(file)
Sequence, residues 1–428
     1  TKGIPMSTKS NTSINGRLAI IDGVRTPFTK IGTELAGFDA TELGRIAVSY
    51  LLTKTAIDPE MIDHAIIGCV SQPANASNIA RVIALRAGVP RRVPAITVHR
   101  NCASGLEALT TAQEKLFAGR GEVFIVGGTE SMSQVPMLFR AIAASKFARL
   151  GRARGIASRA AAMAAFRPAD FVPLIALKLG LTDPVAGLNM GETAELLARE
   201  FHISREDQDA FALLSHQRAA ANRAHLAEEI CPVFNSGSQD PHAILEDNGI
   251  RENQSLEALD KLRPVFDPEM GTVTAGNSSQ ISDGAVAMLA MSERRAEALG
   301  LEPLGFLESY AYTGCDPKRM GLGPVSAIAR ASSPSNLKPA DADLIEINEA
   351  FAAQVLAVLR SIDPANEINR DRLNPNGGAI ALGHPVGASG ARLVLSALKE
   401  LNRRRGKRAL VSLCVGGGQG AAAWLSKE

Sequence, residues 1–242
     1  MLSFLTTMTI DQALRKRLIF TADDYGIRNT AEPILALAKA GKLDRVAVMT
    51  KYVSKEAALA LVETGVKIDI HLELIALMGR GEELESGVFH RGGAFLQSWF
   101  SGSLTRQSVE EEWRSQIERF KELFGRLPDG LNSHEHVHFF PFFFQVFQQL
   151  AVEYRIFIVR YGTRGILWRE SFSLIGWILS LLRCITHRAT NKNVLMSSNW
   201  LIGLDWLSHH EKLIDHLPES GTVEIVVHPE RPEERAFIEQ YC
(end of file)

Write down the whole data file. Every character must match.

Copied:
Sequence, residues 1–428
     1  TKGIPMSTKS NTSINGRLAI IDGVRTPFTK IGTELAGFDA TELGRIAVSY
    51  LLTKTAIDPE MIDHAIIGCV SQPANASNIA RVIALRAGVP RRVPAITVHR
   101  NCASGLEALT TAQEKLFAGR GEVFIVGGTE SMSQVPMLFR AIAASKFARL
   151  GRARGIASRA AAMAAFRPAD FVPLIALKLG LTDPVAGLNM GETAELLARE
   201  FHISREDQDA FALLSHQRAA ANRAHLAEEI CPVFNSGSQD PHAILEDNGI
   251  RENQSLEALD KLRPVFDPEM GTVTAGNSSQ ISDGAVAMLA MSERRAEALG
   301  LEPLGFLESY AYTGCDPKRM GLGPVSAIAR ASSPSNLKPA DADLIEINEA
   351  FAAQVLAVLR SIDPANEINR DRLNPNGGAI ALGHPVGASG ARLVLSALKE
   401  LNRRRGKRAL VSLCVGGGQG AAAWLSKE

Sequence, residues 1–242
     1  MLSFLTTMTI DQALRKRLIF TADDYGIRNT AEPILALAKA GKLDRVAVMT
    51  KYVSKEAALA LVETGVKIDI HLELIALMGR GEELESGVFH RGGAFLQSWF
   101  SGSLTRQSVE EEWRSQIERF KELFGRLPDG LNSHEHVHFF PFFFQVFQQL
   151  AVEYRIFIVR YGTRGILWRE SFSLIGWILS LLRCITHRAT NKNVLMSSNW
   201  LIGLDWLSHH EKLIDHLPES GTVEIVVHPE RPEERAFIEQ YC